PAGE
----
It would be very useful if, at this juncture, the reader once again goes through the relevant passage (Gen. 22:1-18) attentively, and without any reservations. The flow of the passage reveals the intent and purpose of the speaker quite clearly. The speaker (the Lord) uses the words ‘thy son, thine only son’ for the boy, required to be sacrificed, in the passage. The Lord does not use anywhere in the passage the words of merely ‘thy son’ without attaching ‘thine only son’ to them, so that any possibility of misunderstanding be completely ruled out. Obviously the words ‘thine only son’ and ‘Isaac’ are mutually opposed and contrary words and cannot be used together, as Isaac had never been an ‘only son’ at any stage of his life. That’s why Abraham did never use the words ‘only son’ for Isaac. It has been pointed out that the Jews added deleted, altered, and interpolated freely in the text of the Bible for ‘theological’ or ‘religious’ purposes. They saw no harm in it. It may also be borne in mind that it was the ‘religious’ necessity of the Israelites to present the offspring of Isaac as a chosen and superior people. It is, therefore, easy to understand that when some ‘pious’ rabbi would have seen the words ‘thy son, thine only son’ for the first time, he must have inserted the word ‘Isaac’ as an explanation under his ‘wishful preconception’. Finding it useful for their purpose, the later scribes would have included it in the text.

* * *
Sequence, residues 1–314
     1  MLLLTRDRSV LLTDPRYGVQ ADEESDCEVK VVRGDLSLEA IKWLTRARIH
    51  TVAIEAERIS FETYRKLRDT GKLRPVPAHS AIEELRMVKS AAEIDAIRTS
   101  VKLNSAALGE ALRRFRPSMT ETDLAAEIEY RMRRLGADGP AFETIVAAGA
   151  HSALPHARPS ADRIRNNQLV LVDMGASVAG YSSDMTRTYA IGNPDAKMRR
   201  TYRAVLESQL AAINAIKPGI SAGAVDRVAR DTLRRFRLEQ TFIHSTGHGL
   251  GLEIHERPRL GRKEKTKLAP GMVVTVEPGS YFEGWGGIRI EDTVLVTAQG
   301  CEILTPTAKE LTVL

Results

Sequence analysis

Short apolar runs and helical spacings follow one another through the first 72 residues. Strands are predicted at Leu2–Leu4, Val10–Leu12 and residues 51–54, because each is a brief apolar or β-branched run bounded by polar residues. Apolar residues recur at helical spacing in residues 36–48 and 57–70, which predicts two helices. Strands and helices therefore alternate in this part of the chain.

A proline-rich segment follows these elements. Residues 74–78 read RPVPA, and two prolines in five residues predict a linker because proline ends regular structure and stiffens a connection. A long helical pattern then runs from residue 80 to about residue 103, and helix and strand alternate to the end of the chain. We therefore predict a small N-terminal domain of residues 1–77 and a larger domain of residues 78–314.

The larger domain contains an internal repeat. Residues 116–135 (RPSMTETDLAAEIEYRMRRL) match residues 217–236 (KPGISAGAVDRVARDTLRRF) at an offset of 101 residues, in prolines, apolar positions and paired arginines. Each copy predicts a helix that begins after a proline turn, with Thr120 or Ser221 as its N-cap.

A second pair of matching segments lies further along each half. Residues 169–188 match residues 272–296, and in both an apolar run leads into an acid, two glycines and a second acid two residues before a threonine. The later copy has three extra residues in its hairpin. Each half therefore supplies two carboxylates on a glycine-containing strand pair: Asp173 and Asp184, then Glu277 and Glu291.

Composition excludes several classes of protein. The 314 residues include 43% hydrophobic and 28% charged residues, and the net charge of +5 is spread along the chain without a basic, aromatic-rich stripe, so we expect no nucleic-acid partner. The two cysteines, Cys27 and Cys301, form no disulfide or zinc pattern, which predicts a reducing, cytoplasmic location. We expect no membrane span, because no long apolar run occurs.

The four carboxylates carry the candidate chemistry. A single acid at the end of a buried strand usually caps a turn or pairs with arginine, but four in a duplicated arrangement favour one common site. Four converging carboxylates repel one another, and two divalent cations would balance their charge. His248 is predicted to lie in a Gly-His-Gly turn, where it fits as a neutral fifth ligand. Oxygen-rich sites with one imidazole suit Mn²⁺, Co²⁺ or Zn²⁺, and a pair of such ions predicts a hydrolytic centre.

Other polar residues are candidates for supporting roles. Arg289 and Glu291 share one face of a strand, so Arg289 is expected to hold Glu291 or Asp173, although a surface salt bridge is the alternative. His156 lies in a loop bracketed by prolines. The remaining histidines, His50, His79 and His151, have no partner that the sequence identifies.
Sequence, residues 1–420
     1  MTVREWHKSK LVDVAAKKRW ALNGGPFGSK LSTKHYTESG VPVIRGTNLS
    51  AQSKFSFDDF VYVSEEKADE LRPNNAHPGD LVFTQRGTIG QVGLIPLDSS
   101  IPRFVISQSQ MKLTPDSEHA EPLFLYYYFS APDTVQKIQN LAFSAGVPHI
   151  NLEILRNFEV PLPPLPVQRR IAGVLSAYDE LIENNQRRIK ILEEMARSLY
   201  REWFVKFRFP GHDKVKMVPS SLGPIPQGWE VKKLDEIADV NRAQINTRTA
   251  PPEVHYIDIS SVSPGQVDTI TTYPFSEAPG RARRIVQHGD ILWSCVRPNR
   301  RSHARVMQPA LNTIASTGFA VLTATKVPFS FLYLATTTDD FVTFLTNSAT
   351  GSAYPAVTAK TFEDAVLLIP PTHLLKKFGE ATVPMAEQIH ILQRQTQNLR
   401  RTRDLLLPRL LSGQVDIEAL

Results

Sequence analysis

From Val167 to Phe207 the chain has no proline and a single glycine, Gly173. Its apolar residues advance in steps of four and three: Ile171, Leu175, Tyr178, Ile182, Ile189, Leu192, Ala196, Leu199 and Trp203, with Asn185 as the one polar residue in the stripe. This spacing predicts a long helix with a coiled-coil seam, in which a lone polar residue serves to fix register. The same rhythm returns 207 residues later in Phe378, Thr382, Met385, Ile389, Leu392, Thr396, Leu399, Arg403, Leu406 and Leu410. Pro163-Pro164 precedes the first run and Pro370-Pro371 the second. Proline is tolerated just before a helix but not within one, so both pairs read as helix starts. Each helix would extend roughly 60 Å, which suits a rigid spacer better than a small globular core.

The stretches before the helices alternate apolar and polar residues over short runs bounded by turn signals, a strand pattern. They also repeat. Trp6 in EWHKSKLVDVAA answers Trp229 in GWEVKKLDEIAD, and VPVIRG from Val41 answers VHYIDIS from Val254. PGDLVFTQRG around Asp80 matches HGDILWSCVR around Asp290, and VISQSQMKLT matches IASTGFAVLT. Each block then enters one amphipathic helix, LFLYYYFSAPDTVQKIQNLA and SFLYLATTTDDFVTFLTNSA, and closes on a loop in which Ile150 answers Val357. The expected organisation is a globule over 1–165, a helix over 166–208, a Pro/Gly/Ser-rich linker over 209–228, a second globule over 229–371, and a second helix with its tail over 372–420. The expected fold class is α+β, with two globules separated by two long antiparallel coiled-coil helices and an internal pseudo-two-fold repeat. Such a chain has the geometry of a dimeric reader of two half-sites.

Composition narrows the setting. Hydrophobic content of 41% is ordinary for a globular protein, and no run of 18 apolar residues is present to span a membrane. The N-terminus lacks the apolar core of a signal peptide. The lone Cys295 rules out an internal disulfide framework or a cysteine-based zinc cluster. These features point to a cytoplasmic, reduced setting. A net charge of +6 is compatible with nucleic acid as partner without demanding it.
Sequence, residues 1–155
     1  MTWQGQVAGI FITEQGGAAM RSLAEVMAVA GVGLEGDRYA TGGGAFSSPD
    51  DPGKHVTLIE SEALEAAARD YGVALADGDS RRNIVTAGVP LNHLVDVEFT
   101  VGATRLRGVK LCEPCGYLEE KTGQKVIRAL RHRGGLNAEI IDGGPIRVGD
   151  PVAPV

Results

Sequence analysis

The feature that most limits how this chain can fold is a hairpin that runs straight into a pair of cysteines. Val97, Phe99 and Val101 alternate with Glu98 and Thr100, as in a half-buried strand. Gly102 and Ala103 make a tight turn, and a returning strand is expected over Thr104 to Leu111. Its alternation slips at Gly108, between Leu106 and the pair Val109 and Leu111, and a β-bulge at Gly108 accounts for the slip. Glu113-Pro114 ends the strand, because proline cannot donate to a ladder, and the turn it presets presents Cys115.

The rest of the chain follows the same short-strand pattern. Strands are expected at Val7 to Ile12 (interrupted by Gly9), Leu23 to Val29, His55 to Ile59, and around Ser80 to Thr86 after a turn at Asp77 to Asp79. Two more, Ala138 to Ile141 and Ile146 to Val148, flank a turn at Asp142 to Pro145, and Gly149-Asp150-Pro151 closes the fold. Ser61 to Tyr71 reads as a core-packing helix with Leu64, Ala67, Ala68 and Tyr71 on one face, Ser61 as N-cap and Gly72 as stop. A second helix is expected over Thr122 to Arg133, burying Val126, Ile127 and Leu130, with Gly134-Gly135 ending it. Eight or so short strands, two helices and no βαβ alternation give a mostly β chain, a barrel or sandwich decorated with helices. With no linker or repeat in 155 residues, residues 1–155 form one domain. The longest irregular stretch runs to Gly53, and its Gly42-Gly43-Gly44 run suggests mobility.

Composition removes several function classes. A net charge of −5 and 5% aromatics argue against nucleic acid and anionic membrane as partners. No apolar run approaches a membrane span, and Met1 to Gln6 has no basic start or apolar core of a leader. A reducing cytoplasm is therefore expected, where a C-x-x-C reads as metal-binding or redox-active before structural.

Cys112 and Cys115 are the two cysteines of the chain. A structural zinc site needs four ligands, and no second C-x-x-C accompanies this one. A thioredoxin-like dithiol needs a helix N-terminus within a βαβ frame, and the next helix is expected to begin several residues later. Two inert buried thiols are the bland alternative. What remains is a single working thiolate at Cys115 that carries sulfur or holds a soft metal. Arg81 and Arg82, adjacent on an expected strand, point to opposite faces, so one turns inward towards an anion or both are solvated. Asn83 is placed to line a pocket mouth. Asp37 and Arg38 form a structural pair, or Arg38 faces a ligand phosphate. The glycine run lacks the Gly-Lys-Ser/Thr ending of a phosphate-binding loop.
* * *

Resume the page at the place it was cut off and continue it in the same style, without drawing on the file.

It is strange that the Bible claims ‘Isaac’ to be the ‘only’ son of Abraham. Obviously, it is one of the interpolations, or, as the Encyclopaedia Biblica puts it, ‘alterations’, as quoted above.[6]The scholars and commentators of the Bible might have discerned that it was a discrepancy (which, they, of course, discerned)[7]and they ought to have been bold enough to rectify it (but, alas, they have not been bold enough to rectify it). In spite of understanding that it was clearly an addition and adulteration of the redactor of the Bible, they willfully clung to it. Matthew Henry’s Bible Commentary suggested a revised and improved rendering of the Hebrew Bible by adding ‘one’ to the ‘only’: